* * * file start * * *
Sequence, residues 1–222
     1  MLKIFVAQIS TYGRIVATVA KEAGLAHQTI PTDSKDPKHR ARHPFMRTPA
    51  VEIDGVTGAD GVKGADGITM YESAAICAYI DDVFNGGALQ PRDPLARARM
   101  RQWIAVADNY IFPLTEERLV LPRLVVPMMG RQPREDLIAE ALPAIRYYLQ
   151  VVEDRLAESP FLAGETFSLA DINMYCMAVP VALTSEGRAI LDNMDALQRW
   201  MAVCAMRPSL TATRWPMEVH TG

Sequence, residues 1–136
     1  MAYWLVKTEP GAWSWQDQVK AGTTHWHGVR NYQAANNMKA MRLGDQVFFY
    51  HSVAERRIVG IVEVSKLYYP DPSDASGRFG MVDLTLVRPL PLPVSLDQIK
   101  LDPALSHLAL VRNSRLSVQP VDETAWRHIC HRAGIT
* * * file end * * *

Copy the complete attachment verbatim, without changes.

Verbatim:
Sequence, residues 1–222
     1  MLKIFVAQIS TYGRIVATVA KEAGLAHQTI PTDSKDPKHR ARHPFMRTPA
    51  VEIDGVTGAD GVKGADGITM YESAAICAYI DDVFNGGALQ PRDPLARARM
   101  RQWIAVADNY IFPLTEERLV LPRLVVPMMG RQPREDLIAE ALPAIRYYLQ
   151  VVEDRLAESP FLAGETFSLA DINMYCMAVP VALTSEGRAI LDNMDALQRW
   201  MAVCAMRPSL TATRWPMEVH TG

Sequence, residues 1–136
     1  MAYWLVKTEP GAWSWQDQVK AGTTHWHGVR NYQAANNMKA MRLGDQVFFY
    51  HSVAERRIVG IVEVSKLYYP DPSDASGRFG MVDLTLVRPL PLPVSLDQIK
   101  LDPALSHLAL VRNSRLSVQP VDETAWRHIC HRAGIT